In 2019, the Orioles selected catcher Adley Rutschman with the first overall pick in the First-Year Player Draft. The switch-hitting backstop out of Oregon State quickly jumped to the top of the Orioles’ top prospects list and became a  top-10 prospect throughout all of baseball. The Orioles’ plan was made very clear – Rutschman will be looked upon as the future face of the franchise.

Although he is seen as the star catcher of the future, the club still needs to pencil catchers in two major league roster spots for this season. And if you have any thoughts that Rutschman could break camp with the Orioles and start on opening day, you should stop before you disappoint yourself.

Four catchers received starts behind the dish for the Orioles last season. Pedro Severino started 80 games, Chance Sisco started 45, Austin Wynns received 20 starts and Jesus Sucre got 17. Sucre is the only one of the four who is no longer with the organization. The former three are competing for opening day roster spots along with three additional non-roster invitees in camp: Bryan Holaday, Taylor Davis and Martin Cervenka.

Severino is a favorite to earn a spot on the opening day roster and catch the majority of the time to start out the 2020 season. The 26-year-old came up in the Washington Nationals’ system, where MLB Pipeline ranked him within the club’s top 15 prospects for five consecutive seasons from 2013 through 2017. He never gained traction in the Nationals’ major plans, however, as they designated him for assignment prior to the 2019 season. That’s when he was claimed by the Orioles and went on to post a .249/.321/.420 slash line with 13 home runs in 96 games. He’s probably a lock on the roster, and I wonder if he could become a trade chip for the Orioles this summer if he continues to perform like the catcher the Nationals thought they would have.

Craig Landefeld/GulfBird Sports

If you poll O’s fans on who they expect to be the two catchers on opening day, it’s likely most results would show Severino paired with Sisco. The latter was formerly a top prospect in the organization. MLB Pipeline ranked Sisco within the Orioles’ top 10 prospects for four consecutive years from 2014 to 2017, also listing him 45th on the site’s Top 100 in all of baseball in 2017. Throughout his minor league years, Sisco was known as a bat-first backstop. His abilities would almost guarantee his name being written on the lineup card regularly, but the only question was whether or not he’d stick behind the plate. So far in the majors, however, Sisco’s bat hasn’t lived up to the hype. He has slashed .203/.319/.357 with 13 homers in 404 career plate appearances from 2017 through 2019. The concerns over his defensive abilities still remain, but now questions have surfaced about his hitting. If he doesn’t improve one of the two areas, his time in the big leagues may be short-lived this season. The 25-year-old told Roch Kubatko of MASNsports.com he revamped his hitting approach this past offseason, so we’ll see if his tweaks can help improve his career numbers.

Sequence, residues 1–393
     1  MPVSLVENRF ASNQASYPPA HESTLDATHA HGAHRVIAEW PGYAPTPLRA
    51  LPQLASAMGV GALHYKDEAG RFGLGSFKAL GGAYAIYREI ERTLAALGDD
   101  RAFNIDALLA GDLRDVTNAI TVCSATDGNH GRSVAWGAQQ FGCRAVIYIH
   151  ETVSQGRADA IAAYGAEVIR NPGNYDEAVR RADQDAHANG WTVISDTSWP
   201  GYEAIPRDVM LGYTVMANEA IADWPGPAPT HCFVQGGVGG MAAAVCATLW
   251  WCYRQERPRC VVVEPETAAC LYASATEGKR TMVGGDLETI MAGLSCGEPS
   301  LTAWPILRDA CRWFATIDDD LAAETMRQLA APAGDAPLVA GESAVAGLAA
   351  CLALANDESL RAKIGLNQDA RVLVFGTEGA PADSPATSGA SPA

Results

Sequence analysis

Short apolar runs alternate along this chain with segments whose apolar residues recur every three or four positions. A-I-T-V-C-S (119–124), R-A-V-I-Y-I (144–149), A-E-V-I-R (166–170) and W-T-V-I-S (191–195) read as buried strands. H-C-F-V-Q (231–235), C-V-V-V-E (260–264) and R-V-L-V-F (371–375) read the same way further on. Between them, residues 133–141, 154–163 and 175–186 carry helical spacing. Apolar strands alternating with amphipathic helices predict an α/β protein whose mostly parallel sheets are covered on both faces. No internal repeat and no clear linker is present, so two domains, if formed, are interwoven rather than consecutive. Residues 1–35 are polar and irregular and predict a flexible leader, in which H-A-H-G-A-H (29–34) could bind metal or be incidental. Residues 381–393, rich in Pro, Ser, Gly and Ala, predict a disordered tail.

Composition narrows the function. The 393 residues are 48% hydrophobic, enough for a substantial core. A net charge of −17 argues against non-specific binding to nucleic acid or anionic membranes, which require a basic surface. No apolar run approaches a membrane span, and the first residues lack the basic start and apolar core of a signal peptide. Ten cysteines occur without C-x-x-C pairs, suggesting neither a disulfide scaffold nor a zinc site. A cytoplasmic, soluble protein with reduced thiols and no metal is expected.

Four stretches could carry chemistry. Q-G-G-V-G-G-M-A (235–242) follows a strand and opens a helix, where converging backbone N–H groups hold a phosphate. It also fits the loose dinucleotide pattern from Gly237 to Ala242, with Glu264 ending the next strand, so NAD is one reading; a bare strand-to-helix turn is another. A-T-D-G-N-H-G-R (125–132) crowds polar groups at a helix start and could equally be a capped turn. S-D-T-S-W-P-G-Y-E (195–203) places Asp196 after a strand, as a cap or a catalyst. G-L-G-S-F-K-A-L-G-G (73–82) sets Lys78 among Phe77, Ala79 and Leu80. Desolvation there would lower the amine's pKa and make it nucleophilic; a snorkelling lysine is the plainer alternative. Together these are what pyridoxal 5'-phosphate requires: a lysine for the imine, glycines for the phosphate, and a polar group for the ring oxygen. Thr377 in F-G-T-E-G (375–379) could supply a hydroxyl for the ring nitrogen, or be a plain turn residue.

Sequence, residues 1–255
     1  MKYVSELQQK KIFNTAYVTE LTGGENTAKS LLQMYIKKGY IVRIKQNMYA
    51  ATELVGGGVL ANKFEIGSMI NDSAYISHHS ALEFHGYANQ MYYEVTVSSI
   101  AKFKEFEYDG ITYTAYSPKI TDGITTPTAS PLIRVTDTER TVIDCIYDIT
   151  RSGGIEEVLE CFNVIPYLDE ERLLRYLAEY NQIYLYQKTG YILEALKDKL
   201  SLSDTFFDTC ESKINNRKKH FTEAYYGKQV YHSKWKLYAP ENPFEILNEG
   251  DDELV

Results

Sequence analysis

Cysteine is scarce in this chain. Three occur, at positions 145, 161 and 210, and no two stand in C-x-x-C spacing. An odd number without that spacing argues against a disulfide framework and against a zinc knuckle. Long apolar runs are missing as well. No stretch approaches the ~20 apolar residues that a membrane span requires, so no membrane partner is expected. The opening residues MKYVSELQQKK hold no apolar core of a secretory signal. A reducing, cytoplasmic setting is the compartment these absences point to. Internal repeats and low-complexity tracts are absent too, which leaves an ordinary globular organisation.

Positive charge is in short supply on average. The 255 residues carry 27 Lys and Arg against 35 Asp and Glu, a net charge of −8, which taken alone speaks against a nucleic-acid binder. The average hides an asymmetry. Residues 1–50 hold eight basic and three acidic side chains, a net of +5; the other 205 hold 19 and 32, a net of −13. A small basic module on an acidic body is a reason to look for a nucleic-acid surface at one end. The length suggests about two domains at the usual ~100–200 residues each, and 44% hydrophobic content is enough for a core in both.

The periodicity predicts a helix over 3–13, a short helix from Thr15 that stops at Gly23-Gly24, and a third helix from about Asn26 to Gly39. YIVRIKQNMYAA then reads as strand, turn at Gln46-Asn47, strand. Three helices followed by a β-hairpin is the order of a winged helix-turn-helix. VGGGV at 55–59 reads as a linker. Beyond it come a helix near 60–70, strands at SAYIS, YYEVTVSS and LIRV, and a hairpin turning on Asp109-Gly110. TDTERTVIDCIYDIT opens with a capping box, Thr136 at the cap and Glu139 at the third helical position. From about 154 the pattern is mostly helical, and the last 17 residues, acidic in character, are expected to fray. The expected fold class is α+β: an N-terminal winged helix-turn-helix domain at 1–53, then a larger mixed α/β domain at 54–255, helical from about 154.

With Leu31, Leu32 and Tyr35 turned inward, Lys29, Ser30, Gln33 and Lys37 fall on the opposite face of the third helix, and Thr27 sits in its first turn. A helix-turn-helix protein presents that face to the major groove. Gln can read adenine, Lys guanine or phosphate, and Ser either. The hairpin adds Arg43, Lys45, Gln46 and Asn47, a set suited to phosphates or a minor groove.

Craig Landefeld/GulfBird Sports

Wynns is once again involved in the mix competing for a spot on the O’s roster. Entering his age-29 season, he owns a career .239/.271/.339 slash line with five home runs in just 70 games. He doesn’t have the strongest of arms behind the dish, but his mechanics and exchange make up for it, as he possessed the best pop time on throws to second among all Orioles catchers in 2018 and the second-best in 2019. Of 78 qualified catchers last season, Severino had the 28th-best average pop time at 1.98 seconds, Wynns was 46th at 2.02 seconds, Sucre was 60th at 2.05 seconds and Sisco was 74th at 2.10. Wynns isn’t an above-average catcher behind the plate, but he can handle his own. As a 29-year-old who still has a minor league option remaining and is about average at best at everything in his game, Wynns serves as your typical third catcher to stash as depth in Triple-A Norfolk. If a change is needed at the big league level, he’s not going to hurt you.

Holaday, Davis, and Cervenka are in camp as non-roster invitees and are each pushing for an opening day roster spot. Holaday has made his rounds over the last eight seasons, serving two stints with the Detroit Tigers and making stops with the Texas Rangers, Boston Red Sox and Miami Marlins. Sporting a .241/.287/.340 slash line over 269 career games, Holaday basically presents himself as a 32-year-old version of Wynns. Holaday doesn’t do anything exceptionally well but he does provide value as a quality depth option who can use his veteran experience to be a mentor toward the younger catchers and pitchers in the organization.